Dynamic modular fingerprint of brain in resting state

Time:2022-5-10

Summary:Human brain is a dynamic modular network, which can be decomposed into a series of modules, and its activities change with time. In the resting state, several brain networks, namely resting state networks (RSNs), will appear on the sub second time scale and communicate with each other. This paper attempts to explore the rapid remodeling of spontaneous brain modularization and its relationship with RSNs. Three independent resting state data sets of healthy subjects (n = 568) were used to explore the dynamic activity of modular brain network by EEG / MEG. This paper confirms the existence of RSNs, and some of them have splitting phenomena, especially the default mode network, visual, temporal and dorsal attention network. This paper also proves that the individual differences in psychological images are related to the time characteristics of specific modules, especially the visual network. In conclusion, the results of this paper show that large-scale electrophysiological networks have modular dynamic fingerprints in the resting state.

1. Introduction

Spontaneous brain activity varies from sub second to year. These fluctuations involve a series of networks called resting networks (RSNs). Most studies believe that spontaneous brain activity can be explained by a series of spatiotemporal network models. It mainly combines dimension reduction algorithms (such as k-means clustering), principal component analysis, orthogonal connectivity factor decomposition or model-based methods (such as hidden Markov model). The characteristics derived from these rapid dynamic analysis can also be used as potential neural markers of some brain diseases and behavioral characteristics.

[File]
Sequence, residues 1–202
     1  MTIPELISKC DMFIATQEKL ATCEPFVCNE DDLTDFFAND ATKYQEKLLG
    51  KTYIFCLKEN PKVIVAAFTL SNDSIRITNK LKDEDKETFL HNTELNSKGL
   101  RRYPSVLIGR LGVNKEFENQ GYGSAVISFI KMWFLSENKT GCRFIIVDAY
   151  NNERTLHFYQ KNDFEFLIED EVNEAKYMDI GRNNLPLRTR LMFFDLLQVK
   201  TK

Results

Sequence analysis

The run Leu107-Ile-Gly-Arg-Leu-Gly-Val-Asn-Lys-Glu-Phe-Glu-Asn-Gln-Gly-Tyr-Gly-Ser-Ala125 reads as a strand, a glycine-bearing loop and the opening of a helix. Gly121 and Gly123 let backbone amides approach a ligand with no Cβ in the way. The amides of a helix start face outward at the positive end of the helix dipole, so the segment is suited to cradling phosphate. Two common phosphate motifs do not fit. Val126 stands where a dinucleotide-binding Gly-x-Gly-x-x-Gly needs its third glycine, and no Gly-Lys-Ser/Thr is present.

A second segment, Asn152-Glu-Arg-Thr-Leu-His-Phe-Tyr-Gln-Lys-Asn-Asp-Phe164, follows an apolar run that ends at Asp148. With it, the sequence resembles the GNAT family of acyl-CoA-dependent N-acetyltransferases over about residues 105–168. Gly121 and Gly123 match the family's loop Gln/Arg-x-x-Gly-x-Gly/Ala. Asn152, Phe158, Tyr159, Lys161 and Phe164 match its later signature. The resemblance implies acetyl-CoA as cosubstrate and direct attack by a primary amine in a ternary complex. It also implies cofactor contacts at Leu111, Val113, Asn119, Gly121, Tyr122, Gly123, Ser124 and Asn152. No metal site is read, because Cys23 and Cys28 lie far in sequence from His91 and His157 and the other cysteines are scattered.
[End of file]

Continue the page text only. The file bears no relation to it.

Some studies have shown that the human brain is a modular network, which can be divided into “modules” (also known as communities or clusters), that is, areas closely connected within the brain but not closely connected with other regions. Although several studies have explored the time dependence of brain modular networks, there are few studies on the rapid remodeling of spontaneous modular brain networks and its relationship with RSNs on the time scale related to rapid cognition. In order to accurately track network dynamics, EEG / MEG is used to describe those fast (sub millisecond) fluctuations that depend on modularization.